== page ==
In short, the RA framework of the DSGE models adopts the most extreme form of conceptual reductionism in which macroeconomics and the financial network are reduced to the behavior of an individual agent.4 The RA in economics tantamount to saying that “macroeconomics equals microeconomics.”
THE ALTERNATIVE: A HETEROGENEOUS AGENT-BASED APPROACH
There are alternative frameworks, still in their infancy, that provide a more promising research strategy for providing insights into what has happened in this and other crises. But this alternative framework is also useful in providing insights into the workings of the economy out of crises. Financial markets (lending and borrowing) are still central, and these can only be studied within a framework with heterogeneous agents. We believe a change of focus is necessary: an appropriate micro foundation that considers interaction at an agent-based level.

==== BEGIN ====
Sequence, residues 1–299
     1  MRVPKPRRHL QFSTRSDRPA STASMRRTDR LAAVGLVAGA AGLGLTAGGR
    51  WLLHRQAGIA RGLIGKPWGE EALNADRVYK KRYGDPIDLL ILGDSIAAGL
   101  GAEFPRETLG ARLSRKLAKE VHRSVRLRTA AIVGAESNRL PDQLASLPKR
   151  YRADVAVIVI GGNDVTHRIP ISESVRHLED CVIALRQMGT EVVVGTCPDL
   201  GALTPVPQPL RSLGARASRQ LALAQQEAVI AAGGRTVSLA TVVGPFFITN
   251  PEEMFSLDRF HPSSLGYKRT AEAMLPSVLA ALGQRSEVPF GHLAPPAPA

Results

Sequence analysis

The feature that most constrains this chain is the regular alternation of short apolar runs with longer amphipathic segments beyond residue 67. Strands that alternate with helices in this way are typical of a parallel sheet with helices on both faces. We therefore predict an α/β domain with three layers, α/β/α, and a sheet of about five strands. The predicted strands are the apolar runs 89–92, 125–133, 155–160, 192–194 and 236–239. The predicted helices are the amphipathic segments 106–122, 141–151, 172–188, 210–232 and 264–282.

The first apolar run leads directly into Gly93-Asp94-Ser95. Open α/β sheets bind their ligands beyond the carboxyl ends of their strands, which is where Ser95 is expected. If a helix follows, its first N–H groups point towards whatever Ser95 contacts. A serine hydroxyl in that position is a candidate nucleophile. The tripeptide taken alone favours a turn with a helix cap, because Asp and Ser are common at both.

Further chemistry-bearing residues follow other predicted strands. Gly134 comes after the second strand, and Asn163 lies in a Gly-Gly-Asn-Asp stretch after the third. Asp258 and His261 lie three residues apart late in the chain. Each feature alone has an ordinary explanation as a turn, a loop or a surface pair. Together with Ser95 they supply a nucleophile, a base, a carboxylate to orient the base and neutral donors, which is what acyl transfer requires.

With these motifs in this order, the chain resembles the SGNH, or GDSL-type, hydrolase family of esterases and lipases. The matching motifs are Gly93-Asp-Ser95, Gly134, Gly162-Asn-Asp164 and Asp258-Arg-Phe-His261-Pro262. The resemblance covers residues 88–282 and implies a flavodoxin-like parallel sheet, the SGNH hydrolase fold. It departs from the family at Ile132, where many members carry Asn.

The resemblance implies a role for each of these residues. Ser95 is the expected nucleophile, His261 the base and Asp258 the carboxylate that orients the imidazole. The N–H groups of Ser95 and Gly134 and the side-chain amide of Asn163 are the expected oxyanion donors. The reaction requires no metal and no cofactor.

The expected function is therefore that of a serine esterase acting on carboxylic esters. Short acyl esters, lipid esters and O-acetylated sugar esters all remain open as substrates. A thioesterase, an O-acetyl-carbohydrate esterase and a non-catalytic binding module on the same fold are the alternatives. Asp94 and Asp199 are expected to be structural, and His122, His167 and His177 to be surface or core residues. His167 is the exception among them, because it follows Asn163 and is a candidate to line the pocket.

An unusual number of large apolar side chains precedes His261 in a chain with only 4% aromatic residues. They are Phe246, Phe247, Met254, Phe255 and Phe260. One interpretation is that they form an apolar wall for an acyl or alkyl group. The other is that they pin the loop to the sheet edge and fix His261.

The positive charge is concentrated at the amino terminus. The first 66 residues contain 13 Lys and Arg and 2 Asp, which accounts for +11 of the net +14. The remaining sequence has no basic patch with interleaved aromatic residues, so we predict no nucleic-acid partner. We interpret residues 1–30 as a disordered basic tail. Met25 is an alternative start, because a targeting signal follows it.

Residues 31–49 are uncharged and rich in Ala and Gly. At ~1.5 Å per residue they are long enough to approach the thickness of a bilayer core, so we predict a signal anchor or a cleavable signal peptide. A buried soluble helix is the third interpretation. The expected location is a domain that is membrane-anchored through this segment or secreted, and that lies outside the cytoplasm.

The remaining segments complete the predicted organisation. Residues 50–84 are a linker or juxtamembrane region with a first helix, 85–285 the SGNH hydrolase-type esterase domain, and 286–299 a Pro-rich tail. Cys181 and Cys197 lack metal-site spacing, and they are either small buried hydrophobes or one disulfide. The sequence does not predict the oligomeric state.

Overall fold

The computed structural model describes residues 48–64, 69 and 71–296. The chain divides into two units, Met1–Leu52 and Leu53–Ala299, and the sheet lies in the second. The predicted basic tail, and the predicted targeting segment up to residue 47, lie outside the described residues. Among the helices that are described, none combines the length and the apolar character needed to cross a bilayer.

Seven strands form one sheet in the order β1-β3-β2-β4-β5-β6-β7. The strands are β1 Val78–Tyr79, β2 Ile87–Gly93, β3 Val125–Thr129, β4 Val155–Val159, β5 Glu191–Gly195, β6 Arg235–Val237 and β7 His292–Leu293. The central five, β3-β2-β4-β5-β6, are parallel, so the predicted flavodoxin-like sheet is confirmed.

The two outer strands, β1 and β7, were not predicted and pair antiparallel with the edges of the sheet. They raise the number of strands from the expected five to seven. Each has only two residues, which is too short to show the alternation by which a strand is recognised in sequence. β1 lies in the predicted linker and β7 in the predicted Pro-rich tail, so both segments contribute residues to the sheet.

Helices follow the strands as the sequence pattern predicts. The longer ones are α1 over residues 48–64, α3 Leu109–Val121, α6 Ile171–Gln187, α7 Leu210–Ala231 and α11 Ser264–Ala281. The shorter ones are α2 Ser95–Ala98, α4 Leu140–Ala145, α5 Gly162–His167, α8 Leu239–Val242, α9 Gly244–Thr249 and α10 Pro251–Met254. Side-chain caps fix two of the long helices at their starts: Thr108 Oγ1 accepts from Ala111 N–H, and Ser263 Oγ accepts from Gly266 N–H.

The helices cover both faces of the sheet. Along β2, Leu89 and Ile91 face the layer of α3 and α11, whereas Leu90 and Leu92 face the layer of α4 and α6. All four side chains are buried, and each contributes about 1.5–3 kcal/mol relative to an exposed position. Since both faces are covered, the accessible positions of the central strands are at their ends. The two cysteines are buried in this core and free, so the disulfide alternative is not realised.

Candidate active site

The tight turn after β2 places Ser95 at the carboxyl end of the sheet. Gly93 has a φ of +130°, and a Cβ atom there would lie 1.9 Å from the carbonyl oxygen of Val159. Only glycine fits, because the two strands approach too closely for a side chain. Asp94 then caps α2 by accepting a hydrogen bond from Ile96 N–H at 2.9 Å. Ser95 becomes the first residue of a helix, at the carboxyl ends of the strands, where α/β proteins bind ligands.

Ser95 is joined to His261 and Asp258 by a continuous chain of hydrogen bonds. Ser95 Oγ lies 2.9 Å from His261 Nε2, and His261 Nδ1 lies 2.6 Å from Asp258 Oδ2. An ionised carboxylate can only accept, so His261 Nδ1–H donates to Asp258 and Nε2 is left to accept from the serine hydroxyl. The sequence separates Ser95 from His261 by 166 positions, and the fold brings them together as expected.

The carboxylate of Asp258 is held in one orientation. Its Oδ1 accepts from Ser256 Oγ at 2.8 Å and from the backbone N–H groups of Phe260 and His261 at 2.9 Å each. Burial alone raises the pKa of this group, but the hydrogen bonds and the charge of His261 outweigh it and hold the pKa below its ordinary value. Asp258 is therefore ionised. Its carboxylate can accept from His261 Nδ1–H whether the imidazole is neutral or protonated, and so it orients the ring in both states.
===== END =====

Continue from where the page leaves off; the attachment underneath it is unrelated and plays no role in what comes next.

In a multi-agent framework with heterogeneous agents, the crisis is a phenomenon emerging from the microeconomic interaction. If the reductionist paradigm is applied, however, the deep understanding of the interplay between the micro and macro levels is ruled out, as well as any “pathological” problems, such as coordination failure. Only with such models can we make sense of what has come to the center of the policy debate today, the notion of systemic risk. Indeed, we might argue that the RA model is partly to blame for the crisis, for in those models, there is no such thing as systemic risk; policy makers, comforted by the notion that they were following “best practices” of the most advanced monetary theories in taming inflation, assuring the stability of the economy, paid no attention to the far more important issues of financial structure. In the straightjacket of this methodology, it is hardly surprising that the standard macro framework is without any help in understanding the current events.